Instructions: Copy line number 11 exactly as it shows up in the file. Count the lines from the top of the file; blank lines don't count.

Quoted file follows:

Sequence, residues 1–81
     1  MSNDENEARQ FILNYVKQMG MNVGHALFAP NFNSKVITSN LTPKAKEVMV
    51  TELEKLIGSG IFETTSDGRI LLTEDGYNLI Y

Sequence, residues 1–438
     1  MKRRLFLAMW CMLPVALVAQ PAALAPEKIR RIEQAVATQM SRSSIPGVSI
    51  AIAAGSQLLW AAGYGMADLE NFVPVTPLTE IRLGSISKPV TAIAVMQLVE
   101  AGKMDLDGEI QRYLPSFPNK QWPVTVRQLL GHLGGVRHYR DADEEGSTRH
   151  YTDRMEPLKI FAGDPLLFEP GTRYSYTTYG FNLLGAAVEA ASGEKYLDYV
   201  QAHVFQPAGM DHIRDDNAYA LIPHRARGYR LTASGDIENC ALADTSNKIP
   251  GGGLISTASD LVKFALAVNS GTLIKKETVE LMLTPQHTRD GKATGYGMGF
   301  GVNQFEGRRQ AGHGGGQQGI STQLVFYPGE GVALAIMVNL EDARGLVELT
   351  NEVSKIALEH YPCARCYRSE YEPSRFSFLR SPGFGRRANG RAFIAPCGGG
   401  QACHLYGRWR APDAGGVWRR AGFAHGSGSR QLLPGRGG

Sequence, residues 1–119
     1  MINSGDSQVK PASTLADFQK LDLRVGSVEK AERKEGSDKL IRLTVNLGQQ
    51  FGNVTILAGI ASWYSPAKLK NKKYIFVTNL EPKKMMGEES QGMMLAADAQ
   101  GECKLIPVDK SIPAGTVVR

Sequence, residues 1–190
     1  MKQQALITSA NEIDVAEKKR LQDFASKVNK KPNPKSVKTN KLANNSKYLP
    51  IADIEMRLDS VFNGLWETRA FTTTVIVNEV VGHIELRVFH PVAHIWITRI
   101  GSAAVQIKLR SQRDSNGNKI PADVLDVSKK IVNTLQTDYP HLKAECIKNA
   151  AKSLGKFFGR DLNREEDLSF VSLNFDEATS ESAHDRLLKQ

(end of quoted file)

   301  GVNQFEGRRQ AGHGGGQQGI STQLVFYPGE GVALAIMVNL EDARGLVELT